Where: Court Theatre, 5535 S. Ellis Ave.
When: through June 8
By ANNE SPISELMAN
David Henry Hwang’s Tony Award-winning “M. Butterfly” is a masterful play about….well, so many things. Now more than a quarter of a century old, it merges Puccini’s “Madame Butterfly” and the real espionage case of a minor French diplomat accused of passing state secrets to his lover, a Chinese opera star he believed to be a woman but who really was a man. Hwang uses the mashup to examine sexual politics and cultural stereotypes, especially the West’s misconceptions about the East. But even more than that, this self-aware, often funny, very human drama explores our ideals of beauty and willingness to delude ourselves in the name of love.
The catch is that for the play to work, we have to empathize with the protagonist, Rene Gallimard, on every step of his journey of discovery, even though we know from the outset—because he tells us—that he was deceived. This is a delicate balance, and Court Theatre’s production, directed by Charles Newell, fails to achieve it for several reasons.
The first is that Sean Fortunato, passionate as he is in the very difficult role of Gallimard, has trouble making the necessary emotional shifts as his story moves back and forth in time. We first see him in his dingy Paris prison cell, and the combination of disbelief, anger, frustration, and despair he feels there stays with him as he recounts his school days as a nerdy kid who couldn’t get a girl, the advice of his more confident friend Marc (Mark L. Montgomery with an amusing phony French accent), his early diplomatic career and posting to Beijing, and how he meets Song Liling, the Peking Opera diva who totally captivates him.
As Song seductively convinces Gallimard that she’s the “butterfly” of his fantasies—the submissive, fragile “Oriental” woman who wants only to please her man and would die for him like Puccini’s heroine—we need to feel the chemistry between them and to think, as he does, that this really is a beautiful woman (he talks repeatedly about her beauty), even though we know better. Unfortunately, there’s almost no chemistry between Fortunato, who isn’t “in the moment” as he should be, and Nathaniel Braga’s Song, who’s neither feminine nor beautiful enough to be convincing.
Without this essential dynamic, their complicated 20-year-long dance loses its force. Behaving like a Western “man” (and his notion of Puccini’s Pinkerton), Gallimard neglects and hurts Song to win her, not realizing that all along she is manipulating him at every turn—even to the extent of coming up with a baby to quell his doubts about her gender, which by this point might put her spying mission in jeopardy.
In the second half of Newell’s production, the storytelling becomes harder to follow, creating some confusion and leading to a rushed conclusion. There’s a lot more politics, too, including views of the Vietnam War and America’s involvement—Gallimard gets sent back to France for predictions that prove to be wrong—and Song’s reduced status as a result of the Cultural Revolution, satirized in the person of Comrade Chin (Emjoy Gavino), the fiercely doctrinaire young woman who lords it over the former diva she once had to treat with respect.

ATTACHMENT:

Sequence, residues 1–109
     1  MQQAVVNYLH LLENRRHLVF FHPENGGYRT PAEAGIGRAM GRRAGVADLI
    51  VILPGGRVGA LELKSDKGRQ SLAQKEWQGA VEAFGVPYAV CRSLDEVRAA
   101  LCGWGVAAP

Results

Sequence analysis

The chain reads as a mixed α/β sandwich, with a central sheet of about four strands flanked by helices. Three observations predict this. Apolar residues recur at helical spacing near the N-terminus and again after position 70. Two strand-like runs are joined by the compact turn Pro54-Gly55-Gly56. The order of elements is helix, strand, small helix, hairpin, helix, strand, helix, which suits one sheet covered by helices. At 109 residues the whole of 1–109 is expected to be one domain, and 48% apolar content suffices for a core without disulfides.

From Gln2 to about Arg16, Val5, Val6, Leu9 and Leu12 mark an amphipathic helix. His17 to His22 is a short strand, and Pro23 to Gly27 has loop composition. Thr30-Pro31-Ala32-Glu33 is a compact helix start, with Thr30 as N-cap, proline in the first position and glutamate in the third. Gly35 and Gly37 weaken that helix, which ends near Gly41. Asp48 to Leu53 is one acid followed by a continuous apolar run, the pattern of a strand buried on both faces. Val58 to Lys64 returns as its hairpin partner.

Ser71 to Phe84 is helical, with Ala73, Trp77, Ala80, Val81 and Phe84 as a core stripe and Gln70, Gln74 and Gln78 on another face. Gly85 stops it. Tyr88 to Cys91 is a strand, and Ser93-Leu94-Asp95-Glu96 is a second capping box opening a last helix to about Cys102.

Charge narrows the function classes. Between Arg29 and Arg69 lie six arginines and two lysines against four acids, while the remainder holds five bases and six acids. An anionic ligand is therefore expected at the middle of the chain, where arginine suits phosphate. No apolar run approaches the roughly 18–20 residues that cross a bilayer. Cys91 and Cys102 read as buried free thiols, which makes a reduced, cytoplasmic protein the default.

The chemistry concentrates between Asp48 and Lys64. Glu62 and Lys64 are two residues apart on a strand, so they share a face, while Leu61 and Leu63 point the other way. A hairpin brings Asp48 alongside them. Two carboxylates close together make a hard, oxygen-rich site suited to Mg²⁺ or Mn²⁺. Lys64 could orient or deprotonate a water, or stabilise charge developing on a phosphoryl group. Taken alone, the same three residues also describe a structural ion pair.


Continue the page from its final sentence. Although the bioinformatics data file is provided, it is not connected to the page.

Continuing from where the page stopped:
After Song gets sent to Paris, the affair with Gallimard and the spying resume for years. Then, in rapid succession, there are scenes of the spy trial with the great reveal, Gallimard’s refusal to accept that Song is a man despite the evidence, the male Song’s visit to his former lover with a plea to be accepted as himself and Gallimard’s devastating realization of the truth, followed by his obsession to transform himself into the ideal woman of his illusion. Alas, by this point, I wasn’t buying any of it, not least because Fortunato was oddly manic. Braga made Song’s naked desire to be loved as himself so genuine, it came across as out of character, though maybe that was deliberate.
The supporting cast is a little uneven, but Karen Woditsch stands out as Helga, the older German woman Gallimard marries when he thinks he can’t get anyone prettier. She’s absolutely perfect whether she’s quipping about being in Australia, land of “criminals and kangaroos,” or tartly responding to Gallimard’s request for a divorce, a retort that got applause on opening night. Laura Coover plays variations on a sexy blond, while Terry Hamilton is Gallimard’s French embassy boss, among others.
The martial arts-inspired choreography is by Jamie H. J. Guan, who also choreographed (and acted in) the original Broadway production, and it’s nicely executed by dancers Aurora Adachi-Winter, Erin Clyne, and Sarah Lo.
Except for the downstage prison cell, I don’t understand Todd Rosenthal’s mostly dark set, nor does it do anything to help conjure the diverse locales. The lighting, costumes, and sound design all are fine, but in truth, this “M. Butterfly” never takes flight.
On the other hand, the show is part of the exciting “Envisioning China: A Festival of Arts & Culture” that continues through June 15 and includes an exhibition at the Smart Museum of Art, a film series on Chinese Opera, and a pipa concert. For more, go to arts.uchicago.edu/envisioning-china.